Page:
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What do you look for in a designer? Whether you're seeking your first job or you're a seasoned pro, the answer to this question can provide valuable insight when answered by the right person. We've decided to ask the best minds in the design world about their hiring practices to learn what it takes to stand out as a creative professional. In a time when technology and trends change at the blink of an eye, we think this question is more relevant than ever.
Architect, educator, and environmentalist Vicky Chan founded Avoid Obvious Architects in 2012 with offices in New York and Hong Kong. The firm has been pushing sustainable buildings and cities with a focus on combining art with green technology. His projects have been exhibited in 37 cities and 22 countries. His emerging firm competed against OMA in 2016 for a city plan the size of Manhattan. In 2017, Vicky will lecture in the Netherlands and South Korea on the topic of sustainable buildings and new cities. Vicky also founded a volunteering organization to teach architecture on a weekly basis and has taught over 3,000 children about sustainable design and architecture. He believes our future will be brighter if children are more equipped with creative and sustainable thinking. We should note that Vicky is also a Coroflot member, and we think he is an ideal person to ask about what he looks for in a designer.
What do you look for when hiring a designer?
Willingness to learn, entrepreneurial spirit, and willingness to embrace green design. We don't want people to work late and it is only possible if they learn to work very efficiently or come up with new methods to automate the process. Being humbled and willing to learn from other people is a key to achieving this goal. Entrepreneurial spirit is important to us. We don't want people to become our slave. We ultimately think our firm is a stepping-stone for our designers to achieve something bigger and brighter. We can benefit from other successful entrepreneurs by forming a bigger network of entrepreneurs. Last and most importantly, many students talked about sustainable design, but they don't wholeheartedly believe what they design. We want people who care about the environment and practice what they believe.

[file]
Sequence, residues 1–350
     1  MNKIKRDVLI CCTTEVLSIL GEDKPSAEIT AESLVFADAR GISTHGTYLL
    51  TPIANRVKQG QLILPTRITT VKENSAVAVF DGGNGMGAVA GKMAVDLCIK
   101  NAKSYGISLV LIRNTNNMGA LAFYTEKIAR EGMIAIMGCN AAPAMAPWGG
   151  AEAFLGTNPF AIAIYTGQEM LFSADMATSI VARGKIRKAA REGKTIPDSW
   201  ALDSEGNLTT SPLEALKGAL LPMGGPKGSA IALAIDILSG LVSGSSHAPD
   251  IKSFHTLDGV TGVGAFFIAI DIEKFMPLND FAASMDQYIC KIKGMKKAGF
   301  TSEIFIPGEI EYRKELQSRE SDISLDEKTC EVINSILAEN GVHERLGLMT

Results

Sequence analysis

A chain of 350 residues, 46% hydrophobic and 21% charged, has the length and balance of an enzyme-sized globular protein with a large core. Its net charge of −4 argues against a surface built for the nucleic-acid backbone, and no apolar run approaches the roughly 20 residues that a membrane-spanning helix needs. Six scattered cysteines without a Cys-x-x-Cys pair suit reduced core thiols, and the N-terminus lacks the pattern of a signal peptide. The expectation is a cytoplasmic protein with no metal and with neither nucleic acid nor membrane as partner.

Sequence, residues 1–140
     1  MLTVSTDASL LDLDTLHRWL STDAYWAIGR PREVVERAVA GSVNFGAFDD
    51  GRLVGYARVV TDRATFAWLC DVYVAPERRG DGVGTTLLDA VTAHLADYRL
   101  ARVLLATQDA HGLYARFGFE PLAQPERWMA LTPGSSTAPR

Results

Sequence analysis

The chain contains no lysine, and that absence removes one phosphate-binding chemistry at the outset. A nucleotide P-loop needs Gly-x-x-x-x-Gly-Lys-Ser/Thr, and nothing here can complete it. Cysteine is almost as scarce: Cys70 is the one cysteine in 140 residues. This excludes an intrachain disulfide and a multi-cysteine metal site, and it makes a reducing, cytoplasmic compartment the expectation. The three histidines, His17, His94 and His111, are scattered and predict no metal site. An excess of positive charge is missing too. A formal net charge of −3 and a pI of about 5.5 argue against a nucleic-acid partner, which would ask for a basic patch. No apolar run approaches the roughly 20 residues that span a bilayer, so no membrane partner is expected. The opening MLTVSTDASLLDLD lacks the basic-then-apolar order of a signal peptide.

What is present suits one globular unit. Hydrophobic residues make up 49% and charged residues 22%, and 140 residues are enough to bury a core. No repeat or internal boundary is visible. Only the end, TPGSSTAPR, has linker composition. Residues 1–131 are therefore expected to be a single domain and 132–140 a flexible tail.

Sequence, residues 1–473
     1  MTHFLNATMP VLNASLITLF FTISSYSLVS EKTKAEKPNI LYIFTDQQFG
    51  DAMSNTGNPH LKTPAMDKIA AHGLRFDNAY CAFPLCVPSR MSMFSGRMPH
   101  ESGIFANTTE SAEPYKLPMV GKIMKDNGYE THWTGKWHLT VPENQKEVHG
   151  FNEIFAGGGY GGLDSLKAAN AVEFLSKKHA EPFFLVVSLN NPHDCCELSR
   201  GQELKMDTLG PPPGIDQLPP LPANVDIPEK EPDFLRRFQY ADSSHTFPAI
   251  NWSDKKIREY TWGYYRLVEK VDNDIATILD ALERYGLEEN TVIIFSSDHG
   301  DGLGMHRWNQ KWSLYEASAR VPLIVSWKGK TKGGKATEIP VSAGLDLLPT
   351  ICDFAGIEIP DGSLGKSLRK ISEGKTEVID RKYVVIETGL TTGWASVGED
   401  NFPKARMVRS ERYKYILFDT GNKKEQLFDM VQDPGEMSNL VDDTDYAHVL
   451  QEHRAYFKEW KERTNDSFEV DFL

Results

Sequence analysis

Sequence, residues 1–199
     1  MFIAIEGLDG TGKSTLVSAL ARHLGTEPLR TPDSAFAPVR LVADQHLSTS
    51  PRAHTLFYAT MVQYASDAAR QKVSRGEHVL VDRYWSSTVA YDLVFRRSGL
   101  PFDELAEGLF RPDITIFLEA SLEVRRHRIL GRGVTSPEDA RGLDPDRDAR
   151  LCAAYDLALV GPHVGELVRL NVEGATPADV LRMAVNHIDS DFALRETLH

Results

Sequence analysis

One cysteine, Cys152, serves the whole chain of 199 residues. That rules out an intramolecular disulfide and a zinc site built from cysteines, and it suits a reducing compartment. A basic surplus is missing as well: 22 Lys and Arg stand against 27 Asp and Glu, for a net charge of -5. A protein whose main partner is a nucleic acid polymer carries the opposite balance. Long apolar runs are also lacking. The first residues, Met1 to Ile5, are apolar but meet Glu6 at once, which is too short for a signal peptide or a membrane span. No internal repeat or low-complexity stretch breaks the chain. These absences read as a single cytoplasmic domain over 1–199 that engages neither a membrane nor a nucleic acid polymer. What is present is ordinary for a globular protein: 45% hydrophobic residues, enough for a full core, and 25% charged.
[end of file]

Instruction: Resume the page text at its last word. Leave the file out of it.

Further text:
Is there a particular "tell" that signals a good or bad fit?
Good candidates are those who can describe what they do in simple terms. We sometimes ask designers to describe the steps they took to design buildings. Some spent all of the time on vague ideas but the good candidate can usually show us the steps in simple terms. Their clarity made it easier for us to know how they would fit into our office.
What is your best interview "horror story"?
We are a young practice. I am young and my partners are young. We interviewed architects who are much older than us. One candidate was lecturing us on how we should conduct our business. I am humbled and willing to learn from senior designers. However, that talk-down and bossy attitude was a little strange and disrespectful in that interview.
What is the single most valuable piece of advice you could give to those on the hunt?
Become a multidisciplinary designer who cares about people and the environment. We are architects, but we spent a lot of time on making videos, VR tour, physical models, hand drawing, photography, rendering, writing apps, 3d printing, and construction site visits. All of these tools are part of the same process to convince people to make greener buildings and cities. Jumping from one task to another without losing track of the big goal is very crucial.
Do you have any specific advice for recent graduates, or people just starting straight out from school?
Find something you care about and do something with it. We have been volunteering to teach children architecture for 15 years. I founded Architecture for Children and teach on a weekly basis. We met people who are willing to do good via many schools, parents, and teachers. We may not get paid for what we do, but it may be a very good way for recent graduates to expand their network and share their ideas.
Regarding creative employment, what do you know now that you wished you knew then?
Working long hours is not smart. Designers and architects are so proud to say they work all night. I wish I knew how to work smart and still look like I work hard. I still work long hours but those hours go directly to my own company. It is much more meaningful when I am the owner of the ideas. I wish I was smarter about the hours I spent on firms owned by someone else. The worst part is we lost all of the competition we spent countless nights making. Those extra late night hours would have been more meaningful on ideas of my own.
Want to know more about Vicky Chan and Avoid Obvious Architects? Visit aoarchitect.us!